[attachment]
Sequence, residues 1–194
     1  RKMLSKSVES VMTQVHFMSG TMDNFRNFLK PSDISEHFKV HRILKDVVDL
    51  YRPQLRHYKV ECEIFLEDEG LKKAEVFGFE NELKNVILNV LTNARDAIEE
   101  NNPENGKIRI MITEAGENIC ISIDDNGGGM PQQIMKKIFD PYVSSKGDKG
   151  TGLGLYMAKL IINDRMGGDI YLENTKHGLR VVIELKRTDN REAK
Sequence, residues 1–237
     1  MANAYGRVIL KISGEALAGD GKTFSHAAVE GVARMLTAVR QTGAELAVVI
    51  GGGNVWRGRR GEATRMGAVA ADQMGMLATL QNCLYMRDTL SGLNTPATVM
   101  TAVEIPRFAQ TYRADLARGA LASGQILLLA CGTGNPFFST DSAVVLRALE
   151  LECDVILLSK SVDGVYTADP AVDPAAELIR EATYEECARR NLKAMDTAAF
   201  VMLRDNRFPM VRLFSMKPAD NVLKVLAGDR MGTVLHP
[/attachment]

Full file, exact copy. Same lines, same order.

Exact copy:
Sequence, residues 1–194
     1  RKMLSKSVES VMTQVHFMSG TMDNFRNFLK PSDISEHFKV HRILKDVVDL
    51  YRPQLRHYKV ECEIFLEDEG LKKAEVFGFE NELKNVILNV LTNARDAIEE
   101  NNPENGKIRI MITEAGENIC ISIDDNGGGM PQQIMKKIFD PYVSSKGDKG
   151  TGLGLYMAKL IINDRMGGDI YLENTKHGLR VVIELKRTDN REAK
Sequence, residues 1–237
     1  MANAYGRVIL KISGEALAGD GKTFSHAAVE GVARMLTAVR QTGAELAVVI
    51  GGGNVWRGRR GEATRMGAVA ADQMGMLATL QNCLYMRDTL SGLNTPATVM
   101  TAVEIPRFAQ TYRADLARGA LASGQILLLA CGTGNPFFST DSAVVLRALE
   151  LECDVILLSK SVDGVYTADP AVDPAAELIR EATYEECARR NLKAMDTAAF
   201  VMLRDNRFPM VRLFSMKPAD NVLKVLAGDR MGTVLHP